Jesus Never Promises to Answer Prayers

This is a terrible rationalization for Jesus not appearing. Jesus absolutely does promise to answer our prayers. However, unlike the main premise of the GII website, there is no blanket promise to answer prayers in the affirmative. Last I checked, "NO" was a valid answer to queries.

However, GII wants to misuse Bible verses to somehow "prove" that God will answer all prayers in the affirmative. This is just not so. Let's look at the verses that supposedly promise an affirmative answer to each and every prayer.

First, there's Matthew 7:7-11, which is the famous "Ask, Seek, Knock" verse. If you examine the verses that immediately follow the "Ask, Seek, Knock" verse, you will notice that these are addressing physical needs, in this case food. That would fit with the earlier instructions of how to pray in Matthew 6:5-15, which only includes queries for things that are needed. It also fits with Matthew 6:25-34, which is Jesus promising that God will fulfill our needs.

So this verse isn't making a blanket promise to affirmatively answer each prayer. It is only promising to give us what we need to survive.

Matthew 17:20 is also being misused. Although the context doesn't place a limit on what is asked the way the "Ask, Seek, Knock" verse does, nonetheless there is an implied limitation. Moving mountains is a hyperbolic expression. At the risk of sounding just as pompous as the author of GII, I will say it anyway: any rational, intelligent human being can figure out that is meant as a figure of speech. Same applies to Matthew 21:21.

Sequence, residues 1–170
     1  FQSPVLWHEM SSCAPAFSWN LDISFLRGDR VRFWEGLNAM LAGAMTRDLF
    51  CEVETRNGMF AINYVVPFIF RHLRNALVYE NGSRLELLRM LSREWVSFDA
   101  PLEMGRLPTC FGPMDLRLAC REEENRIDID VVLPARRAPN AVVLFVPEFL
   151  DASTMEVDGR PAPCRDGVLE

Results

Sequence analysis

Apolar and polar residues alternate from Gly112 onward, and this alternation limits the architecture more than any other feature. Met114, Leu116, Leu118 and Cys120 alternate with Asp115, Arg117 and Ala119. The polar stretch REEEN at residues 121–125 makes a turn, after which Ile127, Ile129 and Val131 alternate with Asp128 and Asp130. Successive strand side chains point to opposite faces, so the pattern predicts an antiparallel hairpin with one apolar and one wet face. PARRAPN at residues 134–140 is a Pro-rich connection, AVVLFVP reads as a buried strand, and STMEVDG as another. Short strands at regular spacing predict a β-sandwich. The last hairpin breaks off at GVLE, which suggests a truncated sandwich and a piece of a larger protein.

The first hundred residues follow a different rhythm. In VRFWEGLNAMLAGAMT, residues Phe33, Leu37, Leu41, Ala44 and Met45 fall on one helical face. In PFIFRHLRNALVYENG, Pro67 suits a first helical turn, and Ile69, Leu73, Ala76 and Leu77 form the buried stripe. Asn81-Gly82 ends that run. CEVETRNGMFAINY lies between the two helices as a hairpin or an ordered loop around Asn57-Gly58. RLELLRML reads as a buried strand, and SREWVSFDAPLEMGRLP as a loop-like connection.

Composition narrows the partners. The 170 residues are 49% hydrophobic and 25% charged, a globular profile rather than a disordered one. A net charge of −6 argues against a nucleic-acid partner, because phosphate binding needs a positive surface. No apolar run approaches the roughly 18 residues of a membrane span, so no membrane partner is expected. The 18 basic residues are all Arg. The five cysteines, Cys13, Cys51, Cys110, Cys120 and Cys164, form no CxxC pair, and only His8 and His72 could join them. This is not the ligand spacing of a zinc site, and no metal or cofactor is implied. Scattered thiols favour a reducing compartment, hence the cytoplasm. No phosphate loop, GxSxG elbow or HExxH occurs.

For Mark 11:24, again look at the context. We see the same figure of speech about moving the mountains, which means that Mark 11:24 is also hyperbolic.

John 14:12-14 contains the contextual limit within it, "that the Father may be glorified in the Son." I concluded in my answer to Proof #50 that Jesus making a personal appearance is likely to go unheeded due to the individual's paradigm. Only Christians would heed an appearance from Jesus. Therefore, Jesus appearing would not glorify the Father.

Matthew 18:19 applies only to church discipline, not to all prayers. See here for a fuller discussion of that.

Mark 9:23 and Luke 1:37 bolster the case that Jesus could appear, however as we have seen above, Jesus has no reason to appear.

I restate my position that it is a terrible, terrible rationalization for a Christian to respond that Jesus never promises to answer prayers when faced with the fact that Jesus doesn't make personal appearances in response to a prayer for one. Jesus does promise to answer prayer. However, nowhere in the Bible is an affirmative answer to prayer a lock. There is still room to deny the prayer.